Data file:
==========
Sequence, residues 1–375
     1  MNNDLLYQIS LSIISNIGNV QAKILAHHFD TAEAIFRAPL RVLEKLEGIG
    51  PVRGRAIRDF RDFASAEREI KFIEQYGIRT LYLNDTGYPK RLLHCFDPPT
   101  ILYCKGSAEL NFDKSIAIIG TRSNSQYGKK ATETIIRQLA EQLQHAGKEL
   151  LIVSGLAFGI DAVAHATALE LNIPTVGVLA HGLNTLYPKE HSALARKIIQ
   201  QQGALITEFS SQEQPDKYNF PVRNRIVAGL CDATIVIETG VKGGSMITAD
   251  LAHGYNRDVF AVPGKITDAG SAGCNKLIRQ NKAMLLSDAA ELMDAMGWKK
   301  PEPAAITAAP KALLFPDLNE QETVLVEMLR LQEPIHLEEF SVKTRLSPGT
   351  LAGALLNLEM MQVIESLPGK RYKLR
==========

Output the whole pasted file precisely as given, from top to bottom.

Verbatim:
Sequence, residues 1–375
     1  MNNDLLYQIS LSIISNIGNV QAKILAHHFD TAEAIFRAPL RVLEKLEGIG
    51  PVRGRAIRDF RDFASAEREI KFIEQYGIRT LYLNDTGYPK RLLHCFDPPT
   101  ILYCKGSAEL NFDKSIAIIG TRSNSQYGKK ATETIIRQLA EQLQHAGKEL
   151  LIVSGLAFGI DAVAHATALE LNIPTVGVLA HGLNTLYPKE HSALARKIIQ
   201  QQGALITEFS SQEQPDKYNF PVRNRIVAGL CDATIVIETG VKGGSMITAD
   251  LAHGYNRDVF AVPGKITDAG SAGCNKLIRQ NKAMLLSDAA ELMDAMGWKK
   301  PEPAAITAAP KALLFPDLNE QETVLVEMLR LQEPIHLEEF SVKTRLSPGT
   351  LAGALLNLEM MQVIESLPGK RYKLR